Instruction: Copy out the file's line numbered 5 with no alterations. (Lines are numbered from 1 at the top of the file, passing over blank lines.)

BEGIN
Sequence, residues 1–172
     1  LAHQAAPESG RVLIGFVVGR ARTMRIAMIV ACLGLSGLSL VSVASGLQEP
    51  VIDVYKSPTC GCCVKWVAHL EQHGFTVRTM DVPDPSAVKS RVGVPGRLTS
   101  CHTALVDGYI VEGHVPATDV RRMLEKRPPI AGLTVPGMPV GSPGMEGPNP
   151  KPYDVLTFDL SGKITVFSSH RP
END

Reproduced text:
   151  KPYDVLTFDL SGKITVFSSH RP